Notable advice on marriage and mission
Kathi was one of those women who exhumed confidence. Perhaps it was the way she carried herself. With poise. Elegance. Grace.
We first met while I was still in university. Her face stood out among the crowd at church. She was friendly and approachable. Have you ever noticed those people with a certain presence that just draw you in? My interactions with Kathi left me wanting more. More of her smile, her story, and her perspective of the world.
I got to know Kathi deeper in the summer of 2013 when I went on a mission trip to South Asia. Kathi and her husband supported me financially and prayed for me - and when I returned, Kathi invited me to visit her prayer group for the Persecuted Church to share about what I saw God do on that trip. Kathi deposited little investments into me that carried big impact. She was even one of my first ministry partners when I entered full-time ministry a year later. Being in her presence just ministered to my heart.
It was early in 2015 that I got the news that Kathi was diagnosed with colon cancer. I remember reading her email with the news and crying. How could something like this happen to someone so wonderful? What didn’t surprise me about Kathi was her attitude and hope in suffering, all grounded in God’s word. She was the one ministering to nurses, doctors, and friends - all from her hospital bed. She courageously progressed through painful and invasive surgeries, chemo, and huge life transition. It was a fruitful investment and the cancer seemed to be gone for at least a season. A gift from God: more time to invest in her family, friends, and ministry with others.
Last summer I got the news from Kathi that her cancer had returned. This time it was palliative. They didn’t know how long she had, but that didn’t really phase her. She pressed into God’s word to firstly know more of him. She prayed with sincerity, and used her time to encourage women around her. Kathi was a disciple of Jesus who was passionate about making disciples.
As I met her for tea last September, I updated her about my transition in ministry, my journey in singleness, and my desires to one day be married. Kathi looked at me and gave clear and notable advice on marriage and mission that I won't forget.
When Kathi spoke, I listened.
“Erin,” she said. “Make sure that if you marry, it’s to someone that you can do ministry with.”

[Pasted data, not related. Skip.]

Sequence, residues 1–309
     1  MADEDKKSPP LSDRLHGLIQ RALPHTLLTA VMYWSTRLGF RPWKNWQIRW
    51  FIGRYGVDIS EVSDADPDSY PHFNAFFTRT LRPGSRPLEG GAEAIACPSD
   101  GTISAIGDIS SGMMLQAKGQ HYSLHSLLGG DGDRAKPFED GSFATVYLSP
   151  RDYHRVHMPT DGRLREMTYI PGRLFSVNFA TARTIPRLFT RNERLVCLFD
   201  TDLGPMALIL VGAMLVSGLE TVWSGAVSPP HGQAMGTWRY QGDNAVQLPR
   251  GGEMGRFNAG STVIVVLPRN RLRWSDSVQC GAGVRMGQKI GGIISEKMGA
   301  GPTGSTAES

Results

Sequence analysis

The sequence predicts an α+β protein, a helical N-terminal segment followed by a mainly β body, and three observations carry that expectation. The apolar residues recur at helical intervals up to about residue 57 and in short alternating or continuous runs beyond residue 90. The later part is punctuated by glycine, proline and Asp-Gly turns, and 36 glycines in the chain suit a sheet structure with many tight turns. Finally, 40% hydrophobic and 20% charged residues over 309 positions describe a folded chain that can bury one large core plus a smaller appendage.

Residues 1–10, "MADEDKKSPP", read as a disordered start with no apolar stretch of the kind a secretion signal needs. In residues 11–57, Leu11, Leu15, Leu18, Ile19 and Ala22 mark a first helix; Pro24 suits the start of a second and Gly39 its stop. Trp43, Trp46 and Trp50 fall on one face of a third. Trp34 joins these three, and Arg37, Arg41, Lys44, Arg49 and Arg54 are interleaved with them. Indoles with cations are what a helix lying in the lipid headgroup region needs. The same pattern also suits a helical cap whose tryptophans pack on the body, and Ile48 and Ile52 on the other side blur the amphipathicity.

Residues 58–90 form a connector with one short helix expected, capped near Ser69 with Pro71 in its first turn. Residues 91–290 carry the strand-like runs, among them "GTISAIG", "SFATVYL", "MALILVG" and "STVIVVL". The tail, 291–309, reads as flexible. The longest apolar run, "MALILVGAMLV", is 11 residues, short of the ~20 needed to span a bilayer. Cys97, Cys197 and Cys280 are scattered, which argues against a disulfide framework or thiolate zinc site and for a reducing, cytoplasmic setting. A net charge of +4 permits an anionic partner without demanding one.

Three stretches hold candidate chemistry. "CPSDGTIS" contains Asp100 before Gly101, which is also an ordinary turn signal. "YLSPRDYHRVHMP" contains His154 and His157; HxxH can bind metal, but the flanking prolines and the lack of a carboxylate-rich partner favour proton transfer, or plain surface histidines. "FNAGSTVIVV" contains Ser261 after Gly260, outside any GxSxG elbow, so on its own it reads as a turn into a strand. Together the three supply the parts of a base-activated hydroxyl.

It seemed like simple advice. But it came from her heart and life experience of both joy and sorrow. When someone is able to share from their own experience, a place of vulnerability - it creates a sacred space. As if time stood still in that coffee shop, Kathi impressed in me the importance of marrying a man who loved God and someone that I could serve alongside in ministry with in some way.
It’s advice that I’m carrying with me into dating.
Personally, I see dating as a time of discernment: to seek clarity on if we should marry. It’s a time to get to know the person, have fun, meet their community, spend time in groups and one-on-one. If I’m honest I’m sometimes tempted to have an idealistic view of marriage, instead of viewing it as one of the most important decisions of my life. It’s really not enough to marry someone who says they have the same Christian views as you.
In dating there’s a time to discern: are we both passionate about serving God? Are there natural opportunities to do that together? What is God inviting us to invest in, both individually and potentially as a couple?
In marriage I want to share both the love of God and the mission of God. Like Kathi encouraged me, there’s special joy in ministering in marriage together. Practically I don’t know what it looks like to share the mission of God in marriage - and I’m sure it looks very different for each person and couple. But it’s something I want to strive for and seek out.
It was only a few months later that Kathi passed away from her cancer. She was an example of finishing well. Living a life of faithfulness, in deep gratitude to her God who was always faithful. The moments last fall of coming over to her house to press into studying the Bible together were deep blessings. Even in the midst of her suffering, God was there.
While Kathi was a gift, it was Christ-in-Kathi that was the even better gift. She was willing to be used by God, to be a vessel of the Holy Spirit. Christ worked through Kathi to nurture me and develop me in my faith as a spiritual mom. She loved the people in front of her no matter who they were. My hope and prayer is that I would be a disciple of Jesus like Kathi was - devoted to make more disciples. And hopefully share that joy of ministering to others with a husband if God leads me down that path.